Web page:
Monday, September 8, 2008

Native Customary Rights (NCR) Land In Sarawak Needs Reform Which Taib Refuses To Undertake

Sarawak Land Reform - Historical Context

by C T Choo, Thursday, May 22, 2008, de minimis

In his seminal book Malaysian Politics (2nd Edition 1976), Gordon P. Means wrote on the saga of Stephen Kalong Ningkan's attempt to institute land reform in Sarawak:-

During 1965 a political crisis developed within the Sarawak Alliance over land reform proposed by the Chief Minister, Stephen Kalong Ningkan of SNAP. While the legislation had been under consideration for almost three years the decision to implement the proposals came as a surprise to those who hoped they would be forgotten. The basic question was whether the system of native land rights should be amended to allow greater land use by the immigrant communities. Under previous laws the Chinese could only own land in very limited areas designated as "Mixed Zones", while Malays and natives own land in "Native Areas". In addition, the interior tribal natives had customary rights over "Native Customary Land". Chief Minister Ningkan's land reform bills would have changed these laws by giving the interior natives right to acquire full title to "Native Customary Land", including the right to sell their land to whomever they wished. Consequently, the proposed reforms were advantageous to interior tribal natives who would gain title to large tracts of potentially valuable jungle land (emphasis added).

Means went on to describe the following:-

When Ningkan got wind of the efforts being made by BARJASA Secretary-General Inche Taib Mahmud to undermine his government from within, he dismissed Inche Taib from the Sarawak Cabinet. This action precipitated a crisis between the pro-Ningkan forces and the pro-Kuala Lumpur forces. From the point of view of the Federal Government, the test of strength came prematurely, for only BARJASA and Pesaka joined the revolt, while Ningkan retained the support of his own party (SNAP) along with PANAS and the SCA. The next day an entourage of BARJASA and Pesaka officials flew to Kuala Lumpur, and later produced a letter which expressed "no confidence" in Ningkan. On the basis of this letter, signed by 21 members of the Council Negri, Tunku Abdul Rahman demanded that Ningkan resign. Ningkan refused to do so since the opposition parties had no desire to bring down his government on this issue (i.e. the issue of land reform in Sarawak), and thus with their votes he was confident of gaining 21 of the 42 votes in the Council Negri, plus the Speaker's casting vote. Consequently, BARJASA and Pesaka boycotted the Council Negri sessions, preferring instead to invite direct federal intervention.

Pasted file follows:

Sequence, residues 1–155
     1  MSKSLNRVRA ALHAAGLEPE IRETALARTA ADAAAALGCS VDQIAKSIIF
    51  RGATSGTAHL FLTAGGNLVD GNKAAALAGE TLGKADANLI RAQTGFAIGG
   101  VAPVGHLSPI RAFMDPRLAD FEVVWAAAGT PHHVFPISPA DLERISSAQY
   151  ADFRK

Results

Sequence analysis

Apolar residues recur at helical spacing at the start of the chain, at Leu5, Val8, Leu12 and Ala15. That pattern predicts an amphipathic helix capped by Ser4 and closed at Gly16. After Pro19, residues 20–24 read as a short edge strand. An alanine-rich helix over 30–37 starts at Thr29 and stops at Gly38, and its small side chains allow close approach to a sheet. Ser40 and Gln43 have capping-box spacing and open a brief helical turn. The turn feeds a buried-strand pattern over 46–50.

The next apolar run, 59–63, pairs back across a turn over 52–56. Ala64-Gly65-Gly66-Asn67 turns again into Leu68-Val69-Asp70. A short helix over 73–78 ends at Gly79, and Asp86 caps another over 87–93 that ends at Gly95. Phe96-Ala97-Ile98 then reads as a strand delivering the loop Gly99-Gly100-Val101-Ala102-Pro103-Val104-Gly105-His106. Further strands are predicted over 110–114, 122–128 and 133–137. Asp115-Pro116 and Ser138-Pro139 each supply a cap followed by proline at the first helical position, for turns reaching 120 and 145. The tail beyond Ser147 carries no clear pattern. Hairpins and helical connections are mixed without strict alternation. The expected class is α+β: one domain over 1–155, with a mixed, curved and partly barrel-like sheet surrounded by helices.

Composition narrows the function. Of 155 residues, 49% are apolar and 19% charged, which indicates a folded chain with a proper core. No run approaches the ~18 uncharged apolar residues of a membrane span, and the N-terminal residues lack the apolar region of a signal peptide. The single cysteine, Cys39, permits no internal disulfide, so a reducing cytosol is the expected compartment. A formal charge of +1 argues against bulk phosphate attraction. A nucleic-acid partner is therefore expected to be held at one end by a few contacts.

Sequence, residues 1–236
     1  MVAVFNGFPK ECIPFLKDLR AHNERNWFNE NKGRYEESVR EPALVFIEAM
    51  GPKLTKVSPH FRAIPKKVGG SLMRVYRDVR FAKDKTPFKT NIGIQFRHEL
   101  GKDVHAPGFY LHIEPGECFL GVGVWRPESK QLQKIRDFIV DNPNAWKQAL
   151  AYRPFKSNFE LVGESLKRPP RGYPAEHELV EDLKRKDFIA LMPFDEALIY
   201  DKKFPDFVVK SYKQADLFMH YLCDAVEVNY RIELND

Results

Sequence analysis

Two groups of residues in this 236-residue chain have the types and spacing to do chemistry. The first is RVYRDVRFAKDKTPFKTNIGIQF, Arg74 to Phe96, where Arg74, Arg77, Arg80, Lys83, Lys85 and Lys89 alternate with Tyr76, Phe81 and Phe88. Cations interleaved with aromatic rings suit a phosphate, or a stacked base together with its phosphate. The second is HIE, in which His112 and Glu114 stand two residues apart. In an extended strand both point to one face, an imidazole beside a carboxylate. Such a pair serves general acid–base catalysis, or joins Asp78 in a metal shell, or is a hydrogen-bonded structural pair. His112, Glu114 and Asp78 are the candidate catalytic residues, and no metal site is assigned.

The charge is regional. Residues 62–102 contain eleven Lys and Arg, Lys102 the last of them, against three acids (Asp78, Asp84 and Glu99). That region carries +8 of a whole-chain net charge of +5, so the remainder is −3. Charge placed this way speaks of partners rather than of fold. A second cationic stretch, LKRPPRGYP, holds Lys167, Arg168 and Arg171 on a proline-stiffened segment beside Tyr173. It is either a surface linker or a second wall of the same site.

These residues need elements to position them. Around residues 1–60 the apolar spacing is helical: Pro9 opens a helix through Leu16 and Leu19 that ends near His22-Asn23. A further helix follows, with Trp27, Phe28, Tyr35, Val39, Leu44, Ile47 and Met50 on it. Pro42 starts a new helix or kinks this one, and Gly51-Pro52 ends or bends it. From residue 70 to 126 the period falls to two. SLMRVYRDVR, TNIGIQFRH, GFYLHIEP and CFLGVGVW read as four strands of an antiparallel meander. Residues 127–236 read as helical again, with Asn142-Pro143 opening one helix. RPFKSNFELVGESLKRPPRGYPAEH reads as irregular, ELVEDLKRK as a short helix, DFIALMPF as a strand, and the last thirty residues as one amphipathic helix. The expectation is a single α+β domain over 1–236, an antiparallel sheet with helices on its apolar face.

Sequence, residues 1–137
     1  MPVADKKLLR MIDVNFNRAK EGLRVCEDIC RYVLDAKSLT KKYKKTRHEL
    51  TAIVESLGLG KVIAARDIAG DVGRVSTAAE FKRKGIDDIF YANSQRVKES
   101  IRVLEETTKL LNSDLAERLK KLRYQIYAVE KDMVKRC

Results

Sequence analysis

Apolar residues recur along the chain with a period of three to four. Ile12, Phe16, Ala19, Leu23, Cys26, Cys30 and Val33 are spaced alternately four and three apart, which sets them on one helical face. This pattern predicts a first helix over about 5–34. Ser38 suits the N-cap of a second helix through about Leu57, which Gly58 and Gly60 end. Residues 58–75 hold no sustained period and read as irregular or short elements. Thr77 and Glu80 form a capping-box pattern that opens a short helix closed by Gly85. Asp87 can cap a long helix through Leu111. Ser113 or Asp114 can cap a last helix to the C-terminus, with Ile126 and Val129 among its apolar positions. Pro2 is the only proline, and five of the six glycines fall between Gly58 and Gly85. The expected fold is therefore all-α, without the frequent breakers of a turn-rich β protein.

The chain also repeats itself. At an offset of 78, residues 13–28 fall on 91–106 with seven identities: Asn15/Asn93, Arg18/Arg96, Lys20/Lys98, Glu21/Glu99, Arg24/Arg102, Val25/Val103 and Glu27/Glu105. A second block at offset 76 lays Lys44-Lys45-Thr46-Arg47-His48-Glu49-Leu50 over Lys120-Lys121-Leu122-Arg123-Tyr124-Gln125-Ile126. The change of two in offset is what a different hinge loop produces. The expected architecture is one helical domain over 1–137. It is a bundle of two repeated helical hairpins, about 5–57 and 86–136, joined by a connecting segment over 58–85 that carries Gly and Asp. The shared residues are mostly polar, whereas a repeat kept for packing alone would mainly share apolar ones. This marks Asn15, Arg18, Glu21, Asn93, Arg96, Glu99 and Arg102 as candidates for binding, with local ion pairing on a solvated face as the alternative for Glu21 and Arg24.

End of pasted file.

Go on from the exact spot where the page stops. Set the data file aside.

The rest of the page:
The rest, as they say, is history. Ningkan was sacked and the attempt at land reform was buried.
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The key document that we should re-visit is the Report of the Land Committee, 1962 (Kuching, Sarawak; Government Printer, 1963) published by the Government of Sarawak.

4 comments:

CT Choo said...

Al

I am rather miffed that you have posted an entry from my blog without attribution. But I fully support your cause and, I am happy that you find the information fitting for the cause of bringing about a change in the Sarawak BN government.

CT Choo

Anonymous said...

If the land reformed is true, the dayaks will be forever landless. If those land can be sold, the dayak being poor will sell their land even to the Chinese even before their land gets the title. That is true if you ever go to Sematan in Lundu. Look now who owns the land there? Are they Malays, the Selakos or the Iban,or the Dayaks? Not, most of the land are being owned by the Chinese. Now the Chinese, because they have the capital turned those land to resort. So you still want to blame the government? If PKR is going to govern Sarawak and implement their evil plan, they Dayak in no time will be landless because once title is given to the land, there are already Chinese buyers who are willing to part with their money to buy those land.

chapchai said...

I heard about this land reform bill when I was a young woman living in Kuching but I wasn't politically aware then, unlike now. There ought to be a re-look at this bill, after the CM has been ousted, and tweaks made to ensure that the title holders are not conned into selling them cheaply to Chinese towkays. In other words, if this is brought up again and properly debated and approved, there must be a body carefully chosen to act as a watchdog. Then, perhaps, we can look at retrospective compensation? For example, hundreds of kms of virgin jungle was cleared to make way for the Bakun dam. What happened to the timber from there? Surely the proceeds should then go to the people who had rights to that land? Hmm, food for thought.

Anonymous said...

BP page 13 : "NO REASON TO CHANGE GOV'T, SAYS HEADMAN"

The 58 year old headman, Egar Andil (gov't pensioner).

What is "god enough" for him?

(1) some aid, including minor rural project
(2)RM5000 from Dr Rundi to buy paint
(3)But he said waiver of RM20 for electricity bill should be increased to RM50

This is typical bench-marking by goverment appointed Tuai Rumah of Dayak (Iban)

It is a pity that Dayak in general and Sea Dayak (Iban) has not learn from the 1965 Land Bill.

Ningkan was overthrown by unconstitutional means when the then Inche Taib led 21 ADUN to meet TAR.

Now our Native Customary Rights land dissipated infront of our eyes. That includes our "learned" Tuai Rumah Egar Andil